Inside Higher Ed, an online blog that features detailed analyses on developments in higher education in the USA (including a number of interesting reads on the developments at the University of Virginia – here and here — and the fundamental questions it prompts on the governance of higher education institutions there and elsewhere and, yes, the introduction of MOOCs has to do with governance), published last week an essay by Carlo Salerno on “The real economics of massive online courses” (since retitled “Bitter Reality of MOOConomics”). Salerno, a director with Xerox Education Services Group, as do others, claims that MOOCs (massive open online courses) are not sustainable.

Calling the Massive Open Online Course movement (instigated by MITx and by Stanford/Coursera) a craze, he makes two points.

First, „The overwhelming majority of college-goers today don’t enroll in higher education to get an education as much as they seek to earn a credential that they can successfully leverage in a labor market. Surely, the former is supposed to beget the latter, but it’s a hurdle that’s easily, and often, leaped.“ In other words, the times where education was a costly signal in terms of effort have gone. The assessment seems to support introduction of MOOCs although it seems far from clear what the value of some such credential could possibly be.

Second, students – by way of well-documented peer effects – are an important input to education: „For individual institutions, obtaining high quality inputs works to optimize the school’s objective function, which is maximizing prestige.“ So, if institutions care for their prestige, „colleges have a strong incentive to protect, or control, the quality of the degrees that they confer because successful graduates directly affect the institution’s prestige and the public’s perceptions about the value of its products.“ Selectivity, in other words, matters. Which essentially guts the promise of MOOCs all by itself.

Or does it?

In the end it is quite possibly all about relative positioning of higher education institutions. With about one third of the institutions being already in dire financial straits and more headed to financial unsustainability – at least in the USA (see here and links therein) — and about the same percentage of institutions financially strained world-wide, we are in the middle of a world-wide race to the bottom which will intensify the pressure to offer online courses, or to at least make them part and parcel of the course offerings.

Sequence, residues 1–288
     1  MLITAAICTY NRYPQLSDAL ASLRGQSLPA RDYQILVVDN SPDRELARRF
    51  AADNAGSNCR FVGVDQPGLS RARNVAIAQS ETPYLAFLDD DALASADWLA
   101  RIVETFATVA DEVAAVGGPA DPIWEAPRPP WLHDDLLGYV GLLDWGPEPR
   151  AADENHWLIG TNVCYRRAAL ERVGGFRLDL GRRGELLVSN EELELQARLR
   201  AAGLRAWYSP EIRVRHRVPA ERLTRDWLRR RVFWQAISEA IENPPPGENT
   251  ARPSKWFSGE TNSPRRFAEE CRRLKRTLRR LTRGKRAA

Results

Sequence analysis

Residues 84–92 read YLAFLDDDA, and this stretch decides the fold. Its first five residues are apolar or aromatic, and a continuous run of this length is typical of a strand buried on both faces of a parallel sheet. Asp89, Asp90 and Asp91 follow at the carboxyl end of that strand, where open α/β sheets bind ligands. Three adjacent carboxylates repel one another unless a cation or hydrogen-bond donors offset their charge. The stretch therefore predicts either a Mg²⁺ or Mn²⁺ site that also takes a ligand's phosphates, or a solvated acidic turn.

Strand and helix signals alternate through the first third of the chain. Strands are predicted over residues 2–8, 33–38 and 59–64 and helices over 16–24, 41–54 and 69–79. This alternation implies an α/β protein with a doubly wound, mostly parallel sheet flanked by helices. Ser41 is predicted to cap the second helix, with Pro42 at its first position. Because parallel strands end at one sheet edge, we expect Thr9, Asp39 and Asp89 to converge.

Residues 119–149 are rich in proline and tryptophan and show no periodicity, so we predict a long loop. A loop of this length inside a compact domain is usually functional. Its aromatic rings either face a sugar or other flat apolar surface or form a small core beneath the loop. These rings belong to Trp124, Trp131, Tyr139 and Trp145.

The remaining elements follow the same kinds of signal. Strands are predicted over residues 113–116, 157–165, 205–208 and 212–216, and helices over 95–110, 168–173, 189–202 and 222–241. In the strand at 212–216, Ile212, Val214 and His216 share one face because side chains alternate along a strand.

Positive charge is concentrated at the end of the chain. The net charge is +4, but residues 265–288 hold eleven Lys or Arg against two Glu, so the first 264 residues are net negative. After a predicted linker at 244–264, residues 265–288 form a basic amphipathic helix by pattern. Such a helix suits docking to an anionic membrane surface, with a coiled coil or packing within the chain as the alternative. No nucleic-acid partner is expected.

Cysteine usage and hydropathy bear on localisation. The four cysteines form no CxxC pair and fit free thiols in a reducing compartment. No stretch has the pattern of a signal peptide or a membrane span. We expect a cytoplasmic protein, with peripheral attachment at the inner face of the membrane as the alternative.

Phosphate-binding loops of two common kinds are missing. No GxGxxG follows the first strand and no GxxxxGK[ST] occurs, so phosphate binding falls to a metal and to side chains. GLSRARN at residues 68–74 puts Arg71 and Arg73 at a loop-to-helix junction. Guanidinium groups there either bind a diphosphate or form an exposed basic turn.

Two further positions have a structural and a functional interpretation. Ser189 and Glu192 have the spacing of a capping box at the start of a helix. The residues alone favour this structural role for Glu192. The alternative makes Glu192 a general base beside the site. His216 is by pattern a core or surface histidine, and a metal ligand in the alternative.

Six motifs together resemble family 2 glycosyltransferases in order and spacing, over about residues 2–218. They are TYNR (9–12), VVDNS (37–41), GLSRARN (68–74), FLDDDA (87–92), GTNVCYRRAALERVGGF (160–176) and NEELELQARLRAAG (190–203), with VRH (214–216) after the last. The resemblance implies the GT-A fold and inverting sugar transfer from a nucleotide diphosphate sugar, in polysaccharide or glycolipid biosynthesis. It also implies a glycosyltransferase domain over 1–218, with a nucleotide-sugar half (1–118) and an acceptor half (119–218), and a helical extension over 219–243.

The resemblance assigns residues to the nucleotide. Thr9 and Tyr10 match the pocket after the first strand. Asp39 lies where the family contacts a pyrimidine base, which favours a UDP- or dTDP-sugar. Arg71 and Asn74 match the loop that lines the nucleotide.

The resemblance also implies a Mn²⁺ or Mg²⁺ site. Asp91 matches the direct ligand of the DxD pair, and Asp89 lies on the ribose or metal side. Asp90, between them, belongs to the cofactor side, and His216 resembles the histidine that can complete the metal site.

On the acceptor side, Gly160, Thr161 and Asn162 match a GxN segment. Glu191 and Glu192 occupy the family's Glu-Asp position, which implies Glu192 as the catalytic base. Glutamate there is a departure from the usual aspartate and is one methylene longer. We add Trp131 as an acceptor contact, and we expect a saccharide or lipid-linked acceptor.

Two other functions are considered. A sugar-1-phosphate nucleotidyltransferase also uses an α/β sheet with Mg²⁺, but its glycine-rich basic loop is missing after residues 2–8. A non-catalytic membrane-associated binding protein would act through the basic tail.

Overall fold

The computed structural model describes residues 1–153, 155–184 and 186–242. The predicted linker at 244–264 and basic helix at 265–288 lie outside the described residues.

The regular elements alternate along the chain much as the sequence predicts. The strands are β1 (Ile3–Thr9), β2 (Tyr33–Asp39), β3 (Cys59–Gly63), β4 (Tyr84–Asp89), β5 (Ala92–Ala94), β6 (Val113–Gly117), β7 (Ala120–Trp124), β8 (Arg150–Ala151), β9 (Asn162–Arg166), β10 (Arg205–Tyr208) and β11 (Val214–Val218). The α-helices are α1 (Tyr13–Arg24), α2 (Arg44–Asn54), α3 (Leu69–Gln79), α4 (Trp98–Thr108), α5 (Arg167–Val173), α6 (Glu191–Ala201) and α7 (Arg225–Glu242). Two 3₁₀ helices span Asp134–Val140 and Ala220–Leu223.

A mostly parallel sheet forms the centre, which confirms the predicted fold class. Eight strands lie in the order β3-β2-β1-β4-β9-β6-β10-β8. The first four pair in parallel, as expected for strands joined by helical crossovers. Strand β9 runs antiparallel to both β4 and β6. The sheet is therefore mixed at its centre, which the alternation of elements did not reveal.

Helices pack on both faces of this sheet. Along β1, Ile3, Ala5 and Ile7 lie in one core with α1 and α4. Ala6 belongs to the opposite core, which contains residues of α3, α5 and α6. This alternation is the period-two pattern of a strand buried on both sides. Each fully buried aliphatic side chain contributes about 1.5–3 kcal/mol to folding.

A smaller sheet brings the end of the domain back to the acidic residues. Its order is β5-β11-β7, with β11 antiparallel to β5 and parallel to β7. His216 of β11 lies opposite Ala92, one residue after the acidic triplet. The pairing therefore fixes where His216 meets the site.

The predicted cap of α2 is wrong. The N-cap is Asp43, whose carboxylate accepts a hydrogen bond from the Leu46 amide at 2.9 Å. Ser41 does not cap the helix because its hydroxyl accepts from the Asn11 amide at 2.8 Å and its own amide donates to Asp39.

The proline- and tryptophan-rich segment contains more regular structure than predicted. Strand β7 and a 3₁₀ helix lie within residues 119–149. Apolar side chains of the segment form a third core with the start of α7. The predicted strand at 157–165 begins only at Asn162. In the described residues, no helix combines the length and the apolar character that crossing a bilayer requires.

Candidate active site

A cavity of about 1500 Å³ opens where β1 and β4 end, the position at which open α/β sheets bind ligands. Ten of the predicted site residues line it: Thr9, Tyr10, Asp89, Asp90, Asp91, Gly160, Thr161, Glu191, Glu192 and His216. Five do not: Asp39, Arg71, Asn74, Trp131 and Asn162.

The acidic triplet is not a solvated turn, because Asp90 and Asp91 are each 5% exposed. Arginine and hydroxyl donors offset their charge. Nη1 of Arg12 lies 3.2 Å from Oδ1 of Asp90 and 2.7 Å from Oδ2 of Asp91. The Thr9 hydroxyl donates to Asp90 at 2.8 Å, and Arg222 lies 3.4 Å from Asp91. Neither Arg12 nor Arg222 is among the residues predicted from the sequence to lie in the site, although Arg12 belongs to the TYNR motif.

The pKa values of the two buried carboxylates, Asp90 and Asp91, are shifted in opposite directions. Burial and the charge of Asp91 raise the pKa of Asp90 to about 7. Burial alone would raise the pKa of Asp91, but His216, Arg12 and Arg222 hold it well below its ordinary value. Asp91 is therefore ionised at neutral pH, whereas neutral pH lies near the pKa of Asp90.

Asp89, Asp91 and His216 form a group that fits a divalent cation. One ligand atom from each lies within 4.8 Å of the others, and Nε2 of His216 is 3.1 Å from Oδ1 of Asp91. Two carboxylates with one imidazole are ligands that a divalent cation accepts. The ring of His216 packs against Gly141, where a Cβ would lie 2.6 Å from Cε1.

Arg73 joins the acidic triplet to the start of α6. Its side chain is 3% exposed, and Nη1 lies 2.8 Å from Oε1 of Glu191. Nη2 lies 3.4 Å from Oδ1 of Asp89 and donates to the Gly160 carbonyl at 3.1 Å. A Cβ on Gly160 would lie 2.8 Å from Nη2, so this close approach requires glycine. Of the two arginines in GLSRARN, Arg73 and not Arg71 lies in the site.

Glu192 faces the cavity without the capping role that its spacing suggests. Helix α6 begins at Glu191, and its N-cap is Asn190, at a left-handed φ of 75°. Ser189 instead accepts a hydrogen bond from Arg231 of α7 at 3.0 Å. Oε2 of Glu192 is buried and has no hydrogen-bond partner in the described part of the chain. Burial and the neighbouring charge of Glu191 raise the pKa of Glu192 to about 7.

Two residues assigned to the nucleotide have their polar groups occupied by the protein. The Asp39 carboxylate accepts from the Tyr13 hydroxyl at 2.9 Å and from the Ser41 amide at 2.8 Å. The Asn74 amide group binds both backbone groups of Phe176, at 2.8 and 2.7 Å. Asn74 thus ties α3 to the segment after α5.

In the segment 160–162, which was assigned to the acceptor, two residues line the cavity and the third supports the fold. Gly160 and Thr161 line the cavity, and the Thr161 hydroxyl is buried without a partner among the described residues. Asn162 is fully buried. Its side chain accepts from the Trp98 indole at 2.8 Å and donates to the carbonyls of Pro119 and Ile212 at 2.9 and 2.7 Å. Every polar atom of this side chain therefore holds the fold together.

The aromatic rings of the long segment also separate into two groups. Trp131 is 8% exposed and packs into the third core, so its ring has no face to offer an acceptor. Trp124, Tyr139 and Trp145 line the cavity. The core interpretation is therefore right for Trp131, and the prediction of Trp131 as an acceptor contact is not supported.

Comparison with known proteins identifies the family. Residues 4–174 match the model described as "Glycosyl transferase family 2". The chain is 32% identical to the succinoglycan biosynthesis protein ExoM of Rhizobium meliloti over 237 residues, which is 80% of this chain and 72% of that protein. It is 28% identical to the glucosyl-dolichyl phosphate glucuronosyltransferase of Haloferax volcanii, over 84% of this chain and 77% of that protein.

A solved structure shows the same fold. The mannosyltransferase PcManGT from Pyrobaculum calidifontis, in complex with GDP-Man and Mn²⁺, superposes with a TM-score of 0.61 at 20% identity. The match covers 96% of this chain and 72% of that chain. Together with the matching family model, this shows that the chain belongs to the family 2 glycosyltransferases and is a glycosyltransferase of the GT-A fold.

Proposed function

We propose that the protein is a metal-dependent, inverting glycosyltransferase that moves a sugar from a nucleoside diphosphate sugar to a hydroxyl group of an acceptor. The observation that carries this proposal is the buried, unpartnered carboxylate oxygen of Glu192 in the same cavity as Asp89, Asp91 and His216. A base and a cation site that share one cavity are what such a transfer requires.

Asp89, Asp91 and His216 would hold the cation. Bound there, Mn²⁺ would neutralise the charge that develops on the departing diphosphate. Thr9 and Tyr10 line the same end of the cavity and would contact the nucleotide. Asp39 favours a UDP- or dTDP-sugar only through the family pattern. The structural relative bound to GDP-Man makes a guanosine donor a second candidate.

I doubt MOOCs will really be an option for those institutions who like to think themselves as being at the top of the prestige pyramid, as Stephen King also seems to argue (see here, in particular the last paragraph). That’s because, in the end, even the most clever and accomplished teaching videos cannot compensate for the interactive learning that happens between teacher and student and among students. This form of interaction is the one with by far the most effective and efficient feedback.Which is what ultimately drives high-quality learning.

3 thoughts on “MOOConomics”

  1. It’s true that MOOCs are only offering one or two of the products delivered by higher education providers (subject content and to a lesser extent assessment). But clearly there is a significant market for them, and if these subjects count for credit transfers then they eat into existing markets for students who are not after the campus experience or don’t need an impressive credential. For mature age students who already have jobs, for example, their employer can observe their increased knowledge or skill without relying on proxies like institutional prestige.


  2. I’m not sure what kind of assessment they offer ; peer assessment surely is not something that has much value and it has more than its fair share of problems:

    I am also not sure that there is indeed a significant market for MOOCs any more than there is a market for Khan Academy videos and the like. Not to say that some of these things are no useful, and even fun, to watch but lest we see widespread adoption of these things — with value-added assessments — I don’t see them really taking off.

    That was, of course, one of the points I was trying to make. I would not be surprised if schools at the foot of the prestige pyramid will (have to) integrate some of these things in their teaching portfolios. Which then of course might open the door for credit transfers and the like.


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